Judge Bill Treadway may be the man from Brooklyn, but he gets this western.
A man forever changed by the brutality of war.
The Man from Colorado is an unusual Western, considering when it was made and released. Most Westerns of that time were simplistic shoot-em-ups chronicling the battle of good versus evil. Audiences ate them up with relish. Imagine what audiences must have made of The Man from Colorado, then, which adds so many shades of gray and psychological battles to a seemingly simple story that it manages to transcend the genre.
Columbia TriStar has issued this atypical but fascinating Western on DVD for the first time.
Facts of the Case
Union Colonel Owen Deveraux (Glenn Ford, Gilda) is not a well man. Having just killed a surrendering army of Confederate soldiers, he returns to Colorado a hero. He is soon asked to become a federal judge and accepts. Appointed as marshal is close friend and army cohort Del Stewart (William Holden, Stalag 17).
Del begins to notice certain things that suggest Owen is far from mentally sound. As a judge, Owen seems too willing to disregard certain laws. He also enjoys condemning men to death far too much, and he sometimes goes as far as hanging without proving that the man in question is guilty beyond reasonable doubt.
Adding to the complications is Caroline, the woman whom Del and Owen both love. Even after her marriage to Owen, she and Del still share an unrequited love, causing jealousy to stir within her husband.
The Man from Colorado was directed by Henry Levin, best known for light, undemanding fluff such as Where the Boys Are and Come Fly with Me. Normally I would not begin a review by mentioning the director. However, those undemanding pictures did not prepare me for this terse, psychological Western. I was genuinely surprised by the solid, thoughtful direction Levin gave his film. Levin shows a sure hand for suspense and characterization that these later films often lacked. He wisely refuses to load his film with cheap gimmicks, instead trusting the strength of the material he was given.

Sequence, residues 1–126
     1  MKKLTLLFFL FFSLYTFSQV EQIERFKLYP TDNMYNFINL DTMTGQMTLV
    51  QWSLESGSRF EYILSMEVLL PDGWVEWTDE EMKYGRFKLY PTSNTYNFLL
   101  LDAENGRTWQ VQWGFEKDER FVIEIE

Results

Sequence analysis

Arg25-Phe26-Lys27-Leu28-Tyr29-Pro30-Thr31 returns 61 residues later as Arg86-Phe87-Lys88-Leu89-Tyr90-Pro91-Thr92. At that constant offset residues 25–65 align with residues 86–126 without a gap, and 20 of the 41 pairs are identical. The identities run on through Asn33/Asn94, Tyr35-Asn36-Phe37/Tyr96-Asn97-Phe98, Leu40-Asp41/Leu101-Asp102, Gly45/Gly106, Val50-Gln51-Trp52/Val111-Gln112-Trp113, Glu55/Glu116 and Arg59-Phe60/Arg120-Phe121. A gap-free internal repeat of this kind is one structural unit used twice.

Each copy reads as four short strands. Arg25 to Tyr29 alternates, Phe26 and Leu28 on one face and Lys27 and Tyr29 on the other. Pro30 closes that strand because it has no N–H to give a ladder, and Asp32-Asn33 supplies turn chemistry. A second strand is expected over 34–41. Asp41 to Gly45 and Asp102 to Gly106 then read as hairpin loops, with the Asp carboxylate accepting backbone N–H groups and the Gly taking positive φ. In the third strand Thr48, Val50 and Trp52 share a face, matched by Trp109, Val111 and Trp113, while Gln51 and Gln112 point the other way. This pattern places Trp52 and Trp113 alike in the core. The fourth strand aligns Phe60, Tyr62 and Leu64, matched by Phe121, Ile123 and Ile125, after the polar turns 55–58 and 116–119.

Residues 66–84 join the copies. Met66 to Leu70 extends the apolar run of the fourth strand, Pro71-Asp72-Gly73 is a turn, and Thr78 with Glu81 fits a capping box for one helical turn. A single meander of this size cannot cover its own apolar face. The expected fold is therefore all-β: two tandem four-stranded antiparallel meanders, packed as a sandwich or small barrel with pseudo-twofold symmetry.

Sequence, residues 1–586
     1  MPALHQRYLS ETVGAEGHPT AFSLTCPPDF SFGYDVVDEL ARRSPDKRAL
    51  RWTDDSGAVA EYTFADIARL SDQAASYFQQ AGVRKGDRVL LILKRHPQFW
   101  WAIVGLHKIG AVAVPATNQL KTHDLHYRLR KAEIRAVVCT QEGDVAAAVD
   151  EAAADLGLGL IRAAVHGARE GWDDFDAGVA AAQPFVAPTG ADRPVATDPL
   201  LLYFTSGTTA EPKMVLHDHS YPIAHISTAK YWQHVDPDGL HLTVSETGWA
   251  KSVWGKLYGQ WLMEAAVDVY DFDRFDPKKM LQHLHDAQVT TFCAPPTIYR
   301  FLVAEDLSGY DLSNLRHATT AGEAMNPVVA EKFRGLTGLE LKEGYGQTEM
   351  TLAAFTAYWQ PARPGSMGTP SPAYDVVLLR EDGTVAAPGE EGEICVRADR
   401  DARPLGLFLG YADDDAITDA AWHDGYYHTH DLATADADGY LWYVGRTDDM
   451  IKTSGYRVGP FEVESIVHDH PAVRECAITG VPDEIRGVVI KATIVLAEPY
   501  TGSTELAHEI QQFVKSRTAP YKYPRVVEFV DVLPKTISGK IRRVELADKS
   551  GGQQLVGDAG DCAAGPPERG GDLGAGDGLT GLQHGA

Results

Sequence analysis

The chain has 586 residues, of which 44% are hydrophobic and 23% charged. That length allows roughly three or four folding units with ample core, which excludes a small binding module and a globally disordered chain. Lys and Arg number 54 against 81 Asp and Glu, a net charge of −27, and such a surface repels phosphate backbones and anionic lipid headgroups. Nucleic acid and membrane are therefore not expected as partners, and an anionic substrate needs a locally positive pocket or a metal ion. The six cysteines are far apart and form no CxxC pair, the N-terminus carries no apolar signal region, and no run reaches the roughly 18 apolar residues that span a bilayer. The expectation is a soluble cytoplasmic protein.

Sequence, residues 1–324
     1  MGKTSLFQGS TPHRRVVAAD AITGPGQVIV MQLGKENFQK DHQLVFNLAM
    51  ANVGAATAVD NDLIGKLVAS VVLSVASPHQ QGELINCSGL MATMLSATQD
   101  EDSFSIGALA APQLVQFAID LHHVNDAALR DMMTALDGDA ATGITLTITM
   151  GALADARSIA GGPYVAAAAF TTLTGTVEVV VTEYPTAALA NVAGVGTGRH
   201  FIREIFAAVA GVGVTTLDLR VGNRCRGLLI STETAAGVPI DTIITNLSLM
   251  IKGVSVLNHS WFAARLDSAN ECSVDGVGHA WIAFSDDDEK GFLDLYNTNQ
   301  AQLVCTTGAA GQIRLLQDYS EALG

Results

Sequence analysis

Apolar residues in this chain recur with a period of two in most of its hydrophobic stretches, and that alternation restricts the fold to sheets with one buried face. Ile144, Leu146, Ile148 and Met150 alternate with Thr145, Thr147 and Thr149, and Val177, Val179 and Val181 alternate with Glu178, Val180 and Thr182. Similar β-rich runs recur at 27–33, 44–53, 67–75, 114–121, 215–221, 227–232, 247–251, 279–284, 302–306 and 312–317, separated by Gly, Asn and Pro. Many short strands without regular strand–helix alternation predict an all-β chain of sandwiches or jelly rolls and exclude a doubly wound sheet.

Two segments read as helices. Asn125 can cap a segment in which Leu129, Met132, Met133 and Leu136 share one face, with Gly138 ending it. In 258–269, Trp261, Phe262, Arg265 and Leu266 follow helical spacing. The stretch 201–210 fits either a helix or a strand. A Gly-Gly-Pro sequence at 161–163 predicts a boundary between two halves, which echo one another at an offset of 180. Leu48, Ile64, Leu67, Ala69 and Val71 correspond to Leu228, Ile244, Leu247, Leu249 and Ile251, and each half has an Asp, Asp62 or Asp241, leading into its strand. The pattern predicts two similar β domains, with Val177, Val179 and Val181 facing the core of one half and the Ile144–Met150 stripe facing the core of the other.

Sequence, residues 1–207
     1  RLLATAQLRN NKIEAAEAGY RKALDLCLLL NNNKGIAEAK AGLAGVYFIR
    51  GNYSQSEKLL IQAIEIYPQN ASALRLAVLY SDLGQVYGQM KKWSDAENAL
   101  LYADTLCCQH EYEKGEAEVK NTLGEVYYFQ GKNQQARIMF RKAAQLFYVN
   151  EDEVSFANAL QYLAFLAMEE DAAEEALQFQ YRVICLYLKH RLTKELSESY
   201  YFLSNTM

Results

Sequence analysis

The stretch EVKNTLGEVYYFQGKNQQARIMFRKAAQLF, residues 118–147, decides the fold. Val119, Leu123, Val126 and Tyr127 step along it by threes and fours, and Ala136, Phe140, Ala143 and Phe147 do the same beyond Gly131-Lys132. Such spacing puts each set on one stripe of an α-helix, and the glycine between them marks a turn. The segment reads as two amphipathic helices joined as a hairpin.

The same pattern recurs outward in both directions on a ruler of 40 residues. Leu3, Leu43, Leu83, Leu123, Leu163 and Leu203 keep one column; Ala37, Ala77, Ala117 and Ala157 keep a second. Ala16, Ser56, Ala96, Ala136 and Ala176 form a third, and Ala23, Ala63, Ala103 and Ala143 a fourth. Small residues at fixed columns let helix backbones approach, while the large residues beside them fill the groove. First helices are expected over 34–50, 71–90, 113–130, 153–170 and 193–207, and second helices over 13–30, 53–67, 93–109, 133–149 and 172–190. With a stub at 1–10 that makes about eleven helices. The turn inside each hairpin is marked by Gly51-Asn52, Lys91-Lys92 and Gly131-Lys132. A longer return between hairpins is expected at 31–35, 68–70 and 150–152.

It is a strong screenplay indeed. The script, written by Robert D. Andrews and Ben Maddow, is chock-full of neat surprises. While the plot seems predictable and ordinary, I was pleased to see a great deal of psychology and genuine thought put into the writing. Andrews and Maddow fill their story with three-dimensional characters that the audience can really get into.
The Man from Colorado is not a simplistic battle of the flawless hero versus the evil villain. This is a film drawn in shades of gray, a film in which the hero may be as immoral as his nemesis and the villain isn't willfully evil. In an early scene Owen, the Glenn Ford character, struggles with the realization that he has murdered hundreds of men and may in fact have enjoyed it. We see the inner struggle on his face, which makes his later descent all the more chilling. Del, the William Holden character, is technically the hero, but Andrews and Maddow take a daring risk and make him a bit more unscrupulous. He doesn't want to hurt his friend, but he still harbors anger over that friend's theft of the woman he loves. Eventually when he makes his stand and says "by any means necessary," it's fascinating to see a flawed hero willfully turn to crime to bring justice to his beloved town. Try finding situations as deep in a Roy Rogers or Hopalong Cassidy flick.